Senior Business Reporter
With Covid-19 having forced postponement of the launch of the African Continental Free Trade Area (AfCFTA), the continent’s thinkers met this week to discuss its coming implementation.
Trading under the AfCFTA is now scheduled for January 1, 2021 having been postponed from July 1, 2020 owing to Covid-19.
AfCFTA, through its main goal of integrating African economies, will put African economies on a better footing.
AfCFTA will be the largest trade agreement as it promises to create a continental trade bloc of 1,3 billion people and a combined Gross Domestic Product (GDP) of US$3,4 trillion.
The African Capacity Building Foundation (ACBF) this week hosted the 7th Africa think tank summit. ACBF is the African Union’s specialised agency for capacity development.
The two-day virtual summit was running under the theme: “Implementing the African Continental Free Trade Area (AfCFTA) Agreement: Assessing Country Readiness and the Implications for Capacity Building”.
ACBF executive secretary, Professor Emmanuel Nnadozie, said the AfCFTA represented a major opportunity to help African countries diversify their exports, accelerate growth, increase intra-African trade, attract foreign direct investment, create jobs through value addition and to build back better.
“There is therefore, a need to find solutions to put the AfCFTA back on track, accelerate its implementation and deliver on the promises.
“Hence the aim of the summit is to provide a platform for African think tanks and other key stakeholders to engage in a high-level deliberation on the most effective ways of addressing the capacity challenges facing the implementation of the AfCFTA; to accelerate its implementation and enhance country readiness in implementing and benefiting from the Agreement, especially in light of the Covid-19,” he said while officially opening the summit.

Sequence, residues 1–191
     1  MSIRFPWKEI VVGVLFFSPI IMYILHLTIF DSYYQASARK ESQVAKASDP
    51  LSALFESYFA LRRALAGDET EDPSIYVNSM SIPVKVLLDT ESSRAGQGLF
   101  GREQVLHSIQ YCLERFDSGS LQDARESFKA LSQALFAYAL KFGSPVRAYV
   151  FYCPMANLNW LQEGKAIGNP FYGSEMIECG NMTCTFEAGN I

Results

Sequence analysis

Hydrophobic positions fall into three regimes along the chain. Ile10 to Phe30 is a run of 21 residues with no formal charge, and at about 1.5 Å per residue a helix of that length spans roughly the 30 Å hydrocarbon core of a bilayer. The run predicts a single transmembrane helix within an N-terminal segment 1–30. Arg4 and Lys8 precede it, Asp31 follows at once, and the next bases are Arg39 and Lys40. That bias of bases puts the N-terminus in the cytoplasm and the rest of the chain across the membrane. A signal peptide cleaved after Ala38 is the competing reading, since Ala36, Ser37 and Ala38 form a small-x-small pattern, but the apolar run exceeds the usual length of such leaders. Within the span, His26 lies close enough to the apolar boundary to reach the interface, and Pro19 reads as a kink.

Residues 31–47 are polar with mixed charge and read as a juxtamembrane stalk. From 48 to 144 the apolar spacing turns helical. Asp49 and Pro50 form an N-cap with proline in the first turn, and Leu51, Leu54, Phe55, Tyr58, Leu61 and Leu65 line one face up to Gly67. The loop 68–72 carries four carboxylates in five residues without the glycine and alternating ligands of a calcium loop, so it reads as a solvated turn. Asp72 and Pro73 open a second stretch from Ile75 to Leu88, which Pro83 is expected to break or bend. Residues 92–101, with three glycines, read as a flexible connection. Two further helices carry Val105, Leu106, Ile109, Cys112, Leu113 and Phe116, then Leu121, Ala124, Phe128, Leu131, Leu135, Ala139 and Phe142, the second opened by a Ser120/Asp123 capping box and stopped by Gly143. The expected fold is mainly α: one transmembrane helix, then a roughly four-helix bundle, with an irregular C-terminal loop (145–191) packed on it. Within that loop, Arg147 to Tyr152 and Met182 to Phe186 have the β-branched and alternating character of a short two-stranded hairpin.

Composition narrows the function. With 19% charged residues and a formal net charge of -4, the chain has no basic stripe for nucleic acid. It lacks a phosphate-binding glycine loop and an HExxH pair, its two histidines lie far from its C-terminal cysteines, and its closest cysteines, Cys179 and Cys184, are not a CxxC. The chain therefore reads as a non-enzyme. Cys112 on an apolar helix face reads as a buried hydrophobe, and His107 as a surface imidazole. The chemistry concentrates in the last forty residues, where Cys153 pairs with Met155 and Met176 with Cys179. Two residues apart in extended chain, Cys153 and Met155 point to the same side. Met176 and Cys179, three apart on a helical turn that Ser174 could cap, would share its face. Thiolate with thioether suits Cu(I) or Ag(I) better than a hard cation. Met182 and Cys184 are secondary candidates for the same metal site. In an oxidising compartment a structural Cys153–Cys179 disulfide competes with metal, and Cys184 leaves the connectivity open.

Although several African countries lack significant industrial capability, experts agree that to be able to take advantage of opportunities that will be created by AfCFTA, these economies must work on improving their productive capacities so as to meet the new demand.
In his remarks Professor Benedict Okey Oramah; president and chairman of the board of directors at the Afreximbank, represented by Dr Hippolyte Fofack; chief economist and director for Research & International Cooperation Department at Afreximbank said the AfCFTA had the potential to transform African economies and boost intra-African trade.
Professor Kevin Chika Urama, senior director at the African Development Institute of the African Development Bank Group said the think tank summit had come at an opportune time when the African continent is in the process of coming up with policies to achieve growth and “build back better post Covid-19.”
“This is a clarion call for Africa to accelerate the implementation of this agreement to be able to achieve the great implications of trade for development, said Prof Urama.
The summit saw participants discussing various topics, among them: understanding the implications of the Covid-19 for making AfCFTA a reality; exploring the critical determinants of country readiness in implementing the AfCFTA; identifying key capacity issues facing the implementation of the AfCFTA at the continental and country levels; building the capacity of frontline state actors and institutions to effectively drive the implementation of the AfCFTA.
Other topics included: building the capacity of SMEs as a driving force for success in the implementation of the AfCFTA; the role of think tanks in supporting the implementation of the AfCFTA and establishing partnerships and co-ordination mechanisms to enhance country readiness.
The 7th Africa think tank summit saw participants calling for increased funding of African think tanks for the continent to draw value from their expertise.